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Aperture 250: We Make Pictures in Order to Live

$ 24.95

In a sweeping introductory essay, Brian Dillon asks how we might view Didion through photography, and what images come to mind when we think of her writing. Thessaly La Force profiles Bieke Depoorter, who sees documentary photography both as a listening exercise and a form of investigation, blurring the lines between authorship, fiction, and truth. Alistair O’Neill takes stock of Nick Waplington’s vibrant records of subcultures on both sides of the Atlantic. Lena Fritsch writes about the “exquisite world-making” of photographer Eikoh Hosoe’s collaborative practice. Tiana Reid reconsiders Charles “Teenie” Harris’s vivid, midcentury portraits of Black life in Pittsburgh, several of which are published for the first time in this issue.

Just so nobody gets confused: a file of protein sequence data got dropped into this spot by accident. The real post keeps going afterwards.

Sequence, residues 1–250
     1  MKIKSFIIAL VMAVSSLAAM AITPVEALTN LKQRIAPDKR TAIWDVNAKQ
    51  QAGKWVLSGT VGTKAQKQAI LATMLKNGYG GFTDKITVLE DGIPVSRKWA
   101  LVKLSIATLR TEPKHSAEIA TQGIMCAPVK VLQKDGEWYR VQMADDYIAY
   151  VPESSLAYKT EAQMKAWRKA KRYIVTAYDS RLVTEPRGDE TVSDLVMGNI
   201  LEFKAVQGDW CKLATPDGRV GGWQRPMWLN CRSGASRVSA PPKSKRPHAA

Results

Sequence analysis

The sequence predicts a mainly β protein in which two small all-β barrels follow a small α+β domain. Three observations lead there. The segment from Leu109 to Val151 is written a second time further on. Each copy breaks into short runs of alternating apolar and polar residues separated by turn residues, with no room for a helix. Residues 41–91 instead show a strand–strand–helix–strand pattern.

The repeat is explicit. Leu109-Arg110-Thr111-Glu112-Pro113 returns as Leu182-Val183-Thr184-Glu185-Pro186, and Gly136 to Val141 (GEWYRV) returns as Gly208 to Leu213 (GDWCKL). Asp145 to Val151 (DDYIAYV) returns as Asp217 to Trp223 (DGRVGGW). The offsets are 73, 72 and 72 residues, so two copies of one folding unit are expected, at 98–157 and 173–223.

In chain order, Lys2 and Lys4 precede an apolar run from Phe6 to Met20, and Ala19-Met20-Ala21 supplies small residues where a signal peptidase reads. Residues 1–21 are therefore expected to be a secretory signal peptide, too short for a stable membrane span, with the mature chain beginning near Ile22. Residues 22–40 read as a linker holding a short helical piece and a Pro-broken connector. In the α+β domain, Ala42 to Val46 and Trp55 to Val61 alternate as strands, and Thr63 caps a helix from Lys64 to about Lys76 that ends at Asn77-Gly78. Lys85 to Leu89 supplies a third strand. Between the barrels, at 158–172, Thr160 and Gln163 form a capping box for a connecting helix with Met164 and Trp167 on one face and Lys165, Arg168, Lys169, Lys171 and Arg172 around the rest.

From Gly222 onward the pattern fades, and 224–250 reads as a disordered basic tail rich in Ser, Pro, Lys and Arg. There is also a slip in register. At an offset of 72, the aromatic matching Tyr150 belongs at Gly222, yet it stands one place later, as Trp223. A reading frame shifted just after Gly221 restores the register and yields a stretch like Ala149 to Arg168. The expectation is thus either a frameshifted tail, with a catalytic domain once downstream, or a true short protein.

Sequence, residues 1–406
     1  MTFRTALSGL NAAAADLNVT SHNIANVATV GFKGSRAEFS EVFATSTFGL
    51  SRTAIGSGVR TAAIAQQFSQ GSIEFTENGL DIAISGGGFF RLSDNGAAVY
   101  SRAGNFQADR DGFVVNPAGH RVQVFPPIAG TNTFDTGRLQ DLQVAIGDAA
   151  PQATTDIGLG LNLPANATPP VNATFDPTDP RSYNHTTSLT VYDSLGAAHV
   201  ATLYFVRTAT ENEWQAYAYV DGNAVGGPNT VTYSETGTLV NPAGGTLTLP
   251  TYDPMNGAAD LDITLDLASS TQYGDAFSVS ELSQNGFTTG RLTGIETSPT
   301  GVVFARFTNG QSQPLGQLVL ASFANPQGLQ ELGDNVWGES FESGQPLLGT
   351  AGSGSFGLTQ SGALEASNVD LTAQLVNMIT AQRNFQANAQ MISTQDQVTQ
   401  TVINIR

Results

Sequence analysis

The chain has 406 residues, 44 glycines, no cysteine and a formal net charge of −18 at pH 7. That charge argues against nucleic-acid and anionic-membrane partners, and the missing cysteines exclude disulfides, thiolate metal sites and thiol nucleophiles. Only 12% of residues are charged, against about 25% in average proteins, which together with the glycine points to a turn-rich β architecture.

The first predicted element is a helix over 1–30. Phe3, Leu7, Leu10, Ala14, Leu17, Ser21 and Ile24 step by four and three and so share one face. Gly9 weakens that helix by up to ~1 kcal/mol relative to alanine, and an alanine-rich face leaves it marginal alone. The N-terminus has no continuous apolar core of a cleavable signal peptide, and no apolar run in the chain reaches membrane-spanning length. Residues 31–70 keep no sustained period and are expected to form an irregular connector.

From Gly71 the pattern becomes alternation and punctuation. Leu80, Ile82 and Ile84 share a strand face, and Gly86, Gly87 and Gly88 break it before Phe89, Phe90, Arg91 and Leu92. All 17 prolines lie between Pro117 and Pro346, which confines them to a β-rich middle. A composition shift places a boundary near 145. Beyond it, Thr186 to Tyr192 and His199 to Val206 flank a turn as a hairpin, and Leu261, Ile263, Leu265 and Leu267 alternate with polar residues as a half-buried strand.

Among the portfolios, Casey Gerald discusses Adraint Bereal’s images depicting the agony and ecstasy of being a Black college student in the US today. Yvonne Venegas searches for family ghosts in the Mexican landscape, which poet and novelist Daniel Saldaña París describes as “an exercise in freedom and intelligence.” Kamayani Sharma looks at Gauri Gill’s images of a community masquerade in the Indian state of Maharashtra, and its potential to reverse power dynamics inherent in seeing and being seen.

Durga Chew-Bose meditates on the photographs of Mary Manning—also featured on the cover— and their poetic sensitivity toward story and the everyday. For Endnote, Aperture poses six questions for the painter Jordan Casteel.

In The PhotoBook Review—included within every issue of Aperture—Bruno Ceschel speaks with photographer, bookmaker, and publisher Alejandro Cartagena about his work. Lou Stoppard reviews a trio of photobooks about domestic spaces, and Aperture’s editors review a range of recent publications.